more » « less
  5. Abstract Sub-damped Lyman α systems (subDLAs; H i column densities of 19.0 ≤ logN(H i) < 20.3) are rarely included in the cosmic H i census performed at redshifts zabs ≳ 1.5, yet are expected to contribute significantly to the overall H i mass budget of the Universe. In this paper, we present a blindly selected sample of 155 subDLAs found along 100 quasar sightlines (with a redshift path-length ΔX = 475) in the XQ-100 legacy survey to investigate the contribution of subDLAs to the H i mass density of the Universe. The impact of X-Shooter’s spectral resolution on Ly α absorber identification is evaluated, and found to be sufficient for reliably finding absorbers down to a column density of logN(H i) ≥ 18.9. We compared the implications of searching for subDLAs solely using H i absorption versus the use of metal lines to confirm the identification, and found that metal-selection techniques would have missed 75 subDLAs. Using a bootstrap Monte Carlo simulation, we computed the column density distribution function (f(N, X)) and the cosmological H i mass density ($\Omega _{\rm H\,{\small I}}$) of subDLAs and compared with our previous work based on the XQ-100 damped Lyman α systems. We do not find any significant redshift evolution in f(N, X) or $\Omega _{\rm H\,{\small I}}$ for subDLAs. However, subDLAs contribute 10–20 per cent of the total $\Omega _{\rm H\,{\small I}}$ measured at redshifts 2 < z < 5, and thus have a small but significant contribution to the H i budget of the Universe.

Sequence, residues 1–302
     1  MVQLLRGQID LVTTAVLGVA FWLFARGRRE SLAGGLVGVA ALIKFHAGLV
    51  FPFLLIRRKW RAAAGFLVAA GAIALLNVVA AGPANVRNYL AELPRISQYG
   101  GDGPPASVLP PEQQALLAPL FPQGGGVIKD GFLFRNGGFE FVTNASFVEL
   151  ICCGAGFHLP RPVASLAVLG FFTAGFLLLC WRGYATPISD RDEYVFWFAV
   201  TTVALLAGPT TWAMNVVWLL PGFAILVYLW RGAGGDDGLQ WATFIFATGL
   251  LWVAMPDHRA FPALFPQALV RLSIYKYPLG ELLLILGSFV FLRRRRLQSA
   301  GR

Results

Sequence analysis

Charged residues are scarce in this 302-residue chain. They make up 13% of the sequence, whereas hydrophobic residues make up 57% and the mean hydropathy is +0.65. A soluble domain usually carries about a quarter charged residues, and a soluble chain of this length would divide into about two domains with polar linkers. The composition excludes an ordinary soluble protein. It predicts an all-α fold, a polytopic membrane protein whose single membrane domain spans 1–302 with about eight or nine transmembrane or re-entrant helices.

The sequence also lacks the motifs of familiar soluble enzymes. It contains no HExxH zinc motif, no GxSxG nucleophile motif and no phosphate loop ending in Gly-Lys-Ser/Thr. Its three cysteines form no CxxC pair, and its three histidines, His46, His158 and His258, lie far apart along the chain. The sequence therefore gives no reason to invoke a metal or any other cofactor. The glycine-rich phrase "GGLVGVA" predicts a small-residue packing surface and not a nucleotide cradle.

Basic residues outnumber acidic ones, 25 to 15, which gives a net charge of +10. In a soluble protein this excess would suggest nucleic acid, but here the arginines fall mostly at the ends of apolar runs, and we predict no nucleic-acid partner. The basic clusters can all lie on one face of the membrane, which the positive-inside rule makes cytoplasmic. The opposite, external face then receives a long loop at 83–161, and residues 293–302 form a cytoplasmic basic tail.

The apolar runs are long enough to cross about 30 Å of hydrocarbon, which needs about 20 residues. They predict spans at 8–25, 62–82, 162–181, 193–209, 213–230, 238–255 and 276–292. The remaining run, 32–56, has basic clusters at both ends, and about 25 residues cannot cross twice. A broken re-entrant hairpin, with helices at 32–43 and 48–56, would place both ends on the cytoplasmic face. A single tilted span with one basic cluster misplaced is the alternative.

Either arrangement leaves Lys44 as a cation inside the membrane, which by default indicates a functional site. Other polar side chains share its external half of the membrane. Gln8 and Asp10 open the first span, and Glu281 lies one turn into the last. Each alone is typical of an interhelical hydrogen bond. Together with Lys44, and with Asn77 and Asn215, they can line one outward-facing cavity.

more » « less